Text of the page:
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—Special Live Performance Events in Cities Across the Country Highlight the

Cultural Diversity of Endangered Language Speakers—

where will meanings be when the words are forgotten -WS Merwin

New York—There are over 6,000 languages remaining in the world. We lose one every two weeks. Hundreds will be lost within the next generation. By the end of this century, half the world’s languages will have vanished. The die-off parallels the extinction of plant and animal species. The death of a language robs humanity of ideas, belief systems, and knowledge of the natural world.

David Grubin Productions is pleased to announce a series of events coinciding with PBS’ January 2015 airing of Language Matters, a two-hour documentary that asks: What do we lose when a language dies? What does it take to save a language?

The premiere event in New York—the most linguistically diverse city in the world—takes place at the National Museum of the American Indian on Wednesday, January 21, 2015. The documentary airs on THIRTEEN, the flagship PBS station based in New York, on Sunday, January 25th at 12:30 PM. Events are also scheduled in Los Angeles at the Hammer Museum; in Chicago at the Poetry Foundation; and in San Francisco at The Exploratorium. For further information check your local listings or visit

Language Matters was filmed around the world: on a remote island off the coast of Australia where 400 Aboriginal people speak 10 different languages, all at risk; in Wales, where Welsh, once in danger, is today making a comeback; and in Hawaii, where Hawaiians are fighting to save their native tongue.

“Most people know that we are losing species,” says Bob Holman, a poet widely known for his expertise in oral traditions. “Ask schoolchildren, and they’ll know about the panda or the orchid—they’ll have done a project on it. But ask someone if they know that languages all over the world are dying, maybe one in ten might.”

Grubin, whose films include LBJ, FDR, The Jewish Americans, The Secret Life of The Brain, and The Buddha, says: “Most people in the world speak more than one language—monolingualism is a recent phenomenon. We’re really celebrating diversity, looking at the vast domains of creativity, knowledge and thought encoded in language and what is lost when a language disappears.”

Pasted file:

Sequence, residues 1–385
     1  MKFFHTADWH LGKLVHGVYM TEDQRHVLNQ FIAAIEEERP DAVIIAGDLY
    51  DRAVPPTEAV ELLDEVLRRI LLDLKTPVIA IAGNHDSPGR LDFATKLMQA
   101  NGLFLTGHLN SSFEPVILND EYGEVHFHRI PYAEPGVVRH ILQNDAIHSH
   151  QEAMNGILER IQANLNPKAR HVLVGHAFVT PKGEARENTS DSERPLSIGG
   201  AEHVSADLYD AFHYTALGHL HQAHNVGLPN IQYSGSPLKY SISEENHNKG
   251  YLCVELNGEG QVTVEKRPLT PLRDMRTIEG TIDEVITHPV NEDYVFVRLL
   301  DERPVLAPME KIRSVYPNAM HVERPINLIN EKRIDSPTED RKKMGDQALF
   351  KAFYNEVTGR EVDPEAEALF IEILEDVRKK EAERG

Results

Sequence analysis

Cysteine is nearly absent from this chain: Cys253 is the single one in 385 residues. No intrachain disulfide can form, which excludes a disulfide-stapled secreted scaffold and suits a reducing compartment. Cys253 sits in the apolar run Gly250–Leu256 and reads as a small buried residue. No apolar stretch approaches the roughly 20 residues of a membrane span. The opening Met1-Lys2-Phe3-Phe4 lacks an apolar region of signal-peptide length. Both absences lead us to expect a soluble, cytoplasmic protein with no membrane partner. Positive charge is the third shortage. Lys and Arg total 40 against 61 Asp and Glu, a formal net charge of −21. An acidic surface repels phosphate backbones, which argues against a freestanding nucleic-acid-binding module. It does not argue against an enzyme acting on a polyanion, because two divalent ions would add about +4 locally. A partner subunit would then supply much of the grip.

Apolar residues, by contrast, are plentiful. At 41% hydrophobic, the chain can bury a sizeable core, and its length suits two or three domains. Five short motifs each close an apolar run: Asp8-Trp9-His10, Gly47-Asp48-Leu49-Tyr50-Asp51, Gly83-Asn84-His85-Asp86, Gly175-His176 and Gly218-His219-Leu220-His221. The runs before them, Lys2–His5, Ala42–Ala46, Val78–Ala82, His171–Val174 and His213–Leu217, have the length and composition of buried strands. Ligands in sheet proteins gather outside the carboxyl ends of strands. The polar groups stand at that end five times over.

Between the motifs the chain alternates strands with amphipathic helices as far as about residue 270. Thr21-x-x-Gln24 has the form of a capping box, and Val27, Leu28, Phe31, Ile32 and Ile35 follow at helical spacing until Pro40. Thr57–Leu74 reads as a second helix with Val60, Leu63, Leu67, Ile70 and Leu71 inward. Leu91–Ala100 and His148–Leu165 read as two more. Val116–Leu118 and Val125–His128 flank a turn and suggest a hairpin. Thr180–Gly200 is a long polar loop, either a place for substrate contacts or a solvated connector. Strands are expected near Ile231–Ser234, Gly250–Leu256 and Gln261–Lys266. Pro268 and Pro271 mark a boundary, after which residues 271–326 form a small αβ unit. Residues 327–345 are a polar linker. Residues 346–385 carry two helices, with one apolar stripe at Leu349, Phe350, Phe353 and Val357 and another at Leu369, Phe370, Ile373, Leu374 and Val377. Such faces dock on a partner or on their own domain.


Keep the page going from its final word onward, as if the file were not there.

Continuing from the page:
Credits: Director/Producer/Writer: David Grubin; Executive Producers: David Grubin and Bob Holman; Executive Producer for PIC: Leanne K. Ferrer; Conceived by: Bob Holman; Editor: Deborah Peretz; Cinematography: James Callanan and Bob Richman; Director of Motion Graphics: Brian Oakes; Associate Producer: Oliver Grubin. Language Matters is a co-production of David Grubin Productions Inc. and Pacific Islanders in Communications. Major funding provided by the National Endowment for the Humanities with additional funding provided by the Corporation for Public Broadcasting, the Arthur Vining Davis Foundations and the National Endowment for the Arts.

Press Contact: David Grubin Productions |


Endangered Language News and Features

The New Yorker, Judith Thurman, A Loss for Words: Can a Dying Language be Saved?
Wall Street Journal, John H. McWhorter, What the World Will Speak in 2115
Al Jazeera, Ross Perlin, Capitalism, colonialism and nationalism are language killers
New York Times, John McWhorter, Why Save a Language?
New York Times, Sam Roberts, Listening To (and Saving) the World’s Languages
New York Times, Emmanuel Vaughan-Lee, Who Speaks Wukchumni?
National Geographic, K. David Harrison, Two Traditional Languages Evade Extinction With the Internet
Huffington Post, Alissa Stern, Protecting Our Cultural Endangered Species: School Policies
The Atlantic, Rose Eveleth, Saving Languages Through Korean Soap Operas
Los Angeles Times, John M. Glionna, For Navajo Nation, Candidate Stirs Questions about Saving Dying Language
Poetry Foundation, Harriet Staff, The Navajo Nation’s First Poet Laureate, Luci Tapahonso
BBC News Magazine, Caroline Davies, The people who want their language to disappear
RTE News, DUP MLA Gregory Campbell reprimanded for Irish language parody